I think Paul recognized that we have a tendency to be partial and to act with prejudice. And so, he says in verse 21, “I solemnly charge you…” [this is a solemn process].

  1. i) before God, 
  2. ii) the Lord Jesus Christ, and 
  3. iii) the elect angels [that is, the saints]

that you observe these things [how Paul?]

  1. i) without prejudice,(prejudging) 
  2. ii) doing nothing with partiality (favouritism)

The goal of church discipline, then, is not to throw people out of the church or to feed the self-righteous pride of those who administer the discipline. It is not to embarrass people or to exercise authority and power in some unbiblical manner. The purpose is to restore a sinning believer/elder to holiness and bring him back into a pure relationship within the body. The purpose is to gain our brother, if he is repentant.

Why this variation with elders? Because, the council of elders guard against one another and chances are very high, by the time anyone realizes the heresy, other elders could have taken it up. Where the matter is differences in relationship with another brother/sister, revert to the lay-person model in Matthew 18. If they don’t repent, then you appeal to witnesses, some of whom should be church elders (1 Tim 5:19), and then you publicly rebuke them (Deu 19:15-20), then tragically, there is possible excommunication, expulsion and disassociation with them/him.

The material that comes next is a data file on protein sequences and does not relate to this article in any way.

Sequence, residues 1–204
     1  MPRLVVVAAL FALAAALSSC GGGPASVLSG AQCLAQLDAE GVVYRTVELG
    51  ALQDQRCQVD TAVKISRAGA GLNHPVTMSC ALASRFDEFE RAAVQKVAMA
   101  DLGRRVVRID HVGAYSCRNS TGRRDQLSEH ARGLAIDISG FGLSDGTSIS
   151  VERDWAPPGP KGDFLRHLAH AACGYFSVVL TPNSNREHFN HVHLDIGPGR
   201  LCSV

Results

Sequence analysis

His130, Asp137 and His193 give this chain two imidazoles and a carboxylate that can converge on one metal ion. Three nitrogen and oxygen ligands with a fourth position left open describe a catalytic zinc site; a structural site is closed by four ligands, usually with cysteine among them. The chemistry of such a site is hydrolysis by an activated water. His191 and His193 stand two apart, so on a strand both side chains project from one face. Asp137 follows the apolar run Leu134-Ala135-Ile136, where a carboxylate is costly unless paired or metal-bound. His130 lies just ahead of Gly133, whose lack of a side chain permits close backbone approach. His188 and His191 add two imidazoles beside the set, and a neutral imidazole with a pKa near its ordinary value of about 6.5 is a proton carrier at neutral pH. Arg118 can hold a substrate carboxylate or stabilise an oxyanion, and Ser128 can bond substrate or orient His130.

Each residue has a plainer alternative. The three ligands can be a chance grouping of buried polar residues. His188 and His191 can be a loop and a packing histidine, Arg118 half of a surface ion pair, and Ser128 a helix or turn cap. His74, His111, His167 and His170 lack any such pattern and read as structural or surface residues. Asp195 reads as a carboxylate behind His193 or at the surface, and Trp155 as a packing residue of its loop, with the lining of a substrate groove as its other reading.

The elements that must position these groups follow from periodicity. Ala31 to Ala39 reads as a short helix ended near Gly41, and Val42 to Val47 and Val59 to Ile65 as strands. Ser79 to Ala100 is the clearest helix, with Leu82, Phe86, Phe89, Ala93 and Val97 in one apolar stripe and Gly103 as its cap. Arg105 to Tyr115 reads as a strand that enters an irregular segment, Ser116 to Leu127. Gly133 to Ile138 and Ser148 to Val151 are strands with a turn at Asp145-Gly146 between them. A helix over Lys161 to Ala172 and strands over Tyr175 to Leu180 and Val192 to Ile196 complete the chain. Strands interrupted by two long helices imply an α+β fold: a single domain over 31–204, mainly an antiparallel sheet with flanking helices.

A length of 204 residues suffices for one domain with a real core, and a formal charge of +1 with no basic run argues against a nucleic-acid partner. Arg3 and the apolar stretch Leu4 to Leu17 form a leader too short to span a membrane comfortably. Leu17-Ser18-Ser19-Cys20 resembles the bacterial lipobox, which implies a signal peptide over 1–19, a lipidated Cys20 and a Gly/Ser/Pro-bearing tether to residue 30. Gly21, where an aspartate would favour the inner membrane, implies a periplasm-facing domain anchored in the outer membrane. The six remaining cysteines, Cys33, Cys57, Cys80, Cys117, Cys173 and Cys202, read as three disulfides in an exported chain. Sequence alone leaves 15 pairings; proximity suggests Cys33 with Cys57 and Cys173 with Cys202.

Still, even if we have to turn them out of the fellowship, we must love them.  We still admonish them. We still pray that God would bring repentance into their heart and into their life.

Are there cases or those matters that cannot be restored?

Yes, scripture clearly instructs us that there are matters that can be repented and the sinner is accepted back to the body, while there are others that are not restorable, and that restoring such a one would violate the scriptures.